I am at the age when a number of my friends are retiring. They have worked faithfully at their vocations for decades. But their bodies are showing signs of aging, and their minds are not as sharp as they use to be. As they transition to retirement, they are stepping out of roles to which they gave their strongest years. Now they find themselves with time along with an adequate body and mind to devote to something new. These Christians are entering this next phase asking, “What does God want me to do now?”
As a biblical counselor, you have most likely been asked this question. If not, you will be soon, because in the U.S., the average age that when a person retires is 62. Actually, only 20% of those 66 and older are still working full-time. Over 46 million people are over 65 years of age, which is 1 in every 7 Americans. This translates to a significant number of people in Christ’s church asking, “Now that I am old, what does God want me to devote my time to? How should I live to please Him?” Within the last month, two friends have asked similar questions.
Guidance from God for Engaging with Our Aging
To these friends, my wife, Beth, and I have been referring people to Finishing Our Course with Joy by J. I. Packer. You also may want to consider adding this short, insightful, witty book to your own “counseling toolbox” for helping our older brothers and sisters. For biblical counselors, the subtitle points to the true value of this book – Guidance from God for Engaging with Our Aging. We, as biblical counselors, want to put into the hands of those that God has given us to love and help, guidance from Him. We know that it is wisdom from God if it is directly based on the Scriptures. Wonderfully, most of the guidance in this book falls into this category.
“We grow old”
The first of the book’s four chapters begins realistically exploring what happens to us as our bodies and mind age. Yes, they decline as described in Ecclesiastes 12:1-5. But this fact must not color our thoughts to the extent that we no longer think of ourselves as useful. According to the Scriptures, this is simply not true. To use the wording Psalm 92:14, “They will still bear fruit in old age, they will stay fresh and green.” Still being gifted by the Holy Spirit (1 Corinthians 12:7) and the accumulation our life-long experiences, Packer calls old people “ripe” for ongoing ministry. Old people are still valuable for furthering God’s kingdom.
“Soul and Body”
The second chapter provides a biblical understanding of the inter-relationship and interdependence between our body and soul, which is key, as our bodies become a temporary drag on us. Since our bodies are aging, “bowing out” from our successful careers and dominant positions of leadership is appropriate. Denying our limitations is only just another manifestation of our pride that wants to always keep us the one on top.
In the third chapter entitled “Keeping Going,” Packer gives a hard-hitting locker-room pep talk to continue using our lives till our last breath in God’s service. In the beginning of the chapter, senior believers are shown through beautiful, biblical prose, the progression of their Christian lives: becoming Christians, serving Christ, and seeking holiness. Packer reminds us all, “our years-long purpose of pleasing God daily remains intact, as now you move into and through old age” (pg. 57). Next, he warns against the voice of the world saying to us “to view retirement as our warrant for taking it easy across the board and prioritizing self-indulgence for the rest of our lives” (pg. 62). Finally, he encourages us all to use our energy and time to be proactive lifelong learners and influencers, to be “a relational force shaping some aspect of someone else’s life” (pg. 67).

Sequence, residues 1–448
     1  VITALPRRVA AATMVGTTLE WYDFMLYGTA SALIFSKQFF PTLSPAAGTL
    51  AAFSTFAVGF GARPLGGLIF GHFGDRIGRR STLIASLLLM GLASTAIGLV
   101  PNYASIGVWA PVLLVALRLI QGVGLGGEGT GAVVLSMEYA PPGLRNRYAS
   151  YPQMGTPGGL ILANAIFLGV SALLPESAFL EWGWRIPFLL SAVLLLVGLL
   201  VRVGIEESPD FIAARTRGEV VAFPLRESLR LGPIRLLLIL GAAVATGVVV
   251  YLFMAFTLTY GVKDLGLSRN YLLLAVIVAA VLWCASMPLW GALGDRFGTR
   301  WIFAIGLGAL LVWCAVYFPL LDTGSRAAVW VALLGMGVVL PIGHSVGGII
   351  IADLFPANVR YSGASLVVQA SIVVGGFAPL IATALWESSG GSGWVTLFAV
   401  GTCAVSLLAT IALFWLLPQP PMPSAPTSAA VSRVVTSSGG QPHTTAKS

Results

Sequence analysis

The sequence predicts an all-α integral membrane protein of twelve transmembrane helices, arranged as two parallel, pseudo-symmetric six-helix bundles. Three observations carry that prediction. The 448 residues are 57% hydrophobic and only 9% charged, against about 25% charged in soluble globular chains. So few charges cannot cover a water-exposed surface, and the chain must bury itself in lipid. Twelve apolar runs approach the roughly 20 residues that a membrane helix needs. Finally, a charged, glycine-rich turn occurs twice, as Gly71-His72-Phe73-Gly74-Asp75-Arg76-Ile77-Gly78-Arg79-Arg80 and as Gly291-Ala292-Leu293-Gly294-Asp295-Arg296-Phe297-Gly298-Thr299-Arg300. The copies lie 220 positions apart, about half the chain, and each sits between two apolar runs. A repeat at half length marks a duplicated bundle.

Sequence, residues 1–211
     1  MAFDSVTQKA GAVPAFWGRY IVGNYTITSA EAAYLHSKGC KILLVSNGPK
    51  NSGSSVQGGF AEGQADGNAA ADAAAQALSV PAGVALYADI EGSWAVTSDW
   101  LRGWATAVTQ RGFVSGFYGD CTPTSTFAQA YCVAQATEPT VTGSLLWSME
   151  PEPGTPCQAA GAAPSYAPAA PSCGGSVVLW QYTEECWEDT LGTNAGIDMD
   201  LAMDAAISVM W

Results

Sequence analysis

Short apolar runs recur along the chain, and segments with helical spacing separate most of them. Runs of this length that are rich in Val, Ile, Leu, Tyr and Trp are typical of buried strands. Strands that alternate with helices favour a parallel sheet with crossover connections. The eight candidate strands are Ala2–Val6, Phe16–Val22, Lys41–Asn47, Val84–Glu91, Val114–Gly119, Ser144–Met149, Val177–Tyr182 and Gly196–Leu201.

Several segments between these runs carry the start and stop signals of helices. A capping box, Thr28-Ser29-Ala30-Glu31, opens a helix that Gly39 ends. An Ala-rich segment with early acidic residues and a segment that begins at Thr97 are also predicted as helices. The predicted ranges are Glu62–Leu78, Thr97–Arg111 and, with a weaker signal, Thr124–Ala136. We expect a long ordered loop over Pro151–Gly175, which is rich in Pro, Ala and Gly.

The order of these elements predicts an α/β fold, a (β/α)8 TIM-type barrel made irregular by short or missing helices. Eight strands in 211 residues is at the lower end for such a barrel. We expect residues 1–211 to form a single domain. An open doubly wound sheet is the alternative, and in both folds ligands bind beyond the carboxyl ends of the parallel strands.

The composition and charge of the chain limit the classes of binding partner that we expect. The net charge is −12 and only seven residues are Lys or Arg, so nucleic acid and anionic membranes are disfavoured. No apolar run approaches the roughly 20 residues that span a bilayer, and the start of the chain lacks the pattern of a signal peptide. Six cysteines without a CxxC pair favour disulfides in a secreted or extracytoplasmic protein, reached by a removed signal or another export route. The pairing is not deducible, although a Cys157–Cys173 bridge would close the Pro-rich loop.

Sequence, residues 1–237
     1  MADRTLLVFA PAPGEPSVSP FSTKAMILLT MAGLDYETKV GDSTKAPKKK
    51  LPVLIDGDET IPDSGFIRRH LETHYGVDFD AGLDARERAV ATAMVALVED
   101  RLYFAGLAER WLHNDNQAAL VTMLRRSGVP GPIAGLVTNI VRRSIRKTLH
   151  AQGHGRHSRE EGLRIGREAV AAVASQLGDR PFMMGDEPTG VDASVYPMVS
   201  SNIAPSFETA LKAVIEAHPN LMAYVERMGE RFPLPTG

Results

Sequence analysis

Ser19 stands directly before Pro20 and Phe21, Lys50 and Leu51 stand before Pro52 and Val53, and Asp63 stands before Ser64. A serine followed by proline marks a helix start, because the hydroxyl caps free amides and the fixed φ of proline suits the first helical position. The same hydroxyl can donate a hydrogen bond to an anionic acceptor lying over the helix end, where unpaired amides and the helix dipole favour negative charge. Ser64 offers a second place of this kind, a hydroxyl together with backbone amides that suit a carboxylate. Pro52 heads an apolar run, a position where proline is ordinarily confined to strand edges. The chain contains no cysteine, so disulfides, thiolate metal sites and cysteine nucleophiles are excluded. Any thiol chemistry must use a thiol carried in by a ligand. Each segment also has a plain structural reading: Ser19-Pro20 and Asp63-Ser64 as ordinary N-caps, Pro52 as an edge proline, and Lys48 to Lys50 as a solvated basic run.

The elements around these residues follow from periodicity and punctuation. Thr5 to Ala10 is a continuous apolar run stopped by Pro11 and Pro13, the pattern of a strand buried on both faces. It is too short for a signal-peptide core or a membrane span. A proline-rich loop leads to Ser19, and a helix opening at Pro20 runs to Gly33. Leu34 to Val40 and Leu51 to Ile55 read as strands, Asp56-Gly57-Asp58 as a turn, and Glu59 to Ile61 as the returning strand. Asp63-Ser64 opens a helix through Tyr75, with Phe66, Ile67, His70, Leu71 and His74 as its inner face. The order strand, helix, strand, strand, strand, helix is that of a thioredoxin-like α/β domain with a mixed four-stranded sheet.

“We Look Forward”
The fourth and final chapter reminds us of what we are looking forward to after this life is done. This view based on Scripture will fill us with overflowing joy (Romans 15:13). This joy from our Lord based on biblical hope will help us not to seek fulfillment in our own self-indulgence or worse yet, self-pity.
As a final observation, the book has two features particularly helpful to counseling. There is a General Index, which is valuable in finding topics discussed in the book. Unfortunately, many publishers of books this size forego having such an index. Another helpful feature for counseling is a Scripture Index. The book is biblically saturated, but within the text, Scripture is rarely quoted or referenced. This Scripture Index is a listing by page number of the biblical passages on which the thoughts presented on that page are based. This index is beneficial to the counselor in finding the corresponding passage to the truth that they want to reinforce with counselees. The Word of God can be ministered along with Packer’s good ideas.
Following the biblical guidelines in this compact book will help each of us finish well with joy for God’s glory and our own good.
For I am already being poured out like a drink offering, and the time for my departure is near. I have fought the good fight, I have finished the race, I have kept the faith. Now there is in store for me the crown of righteousness, which the Lord, the righteous Judge, will award to me on that day —and not only to me, but also to all who have longed for his appearing. (2 Timothy 4:6-8)
Join the Conversation
What advice have you found helpful—for yourself or counselees—with respect to retirement?
 J. I. Packer, Finishing Our Course with Joy (Wheaton. IL: Crossway, 2014).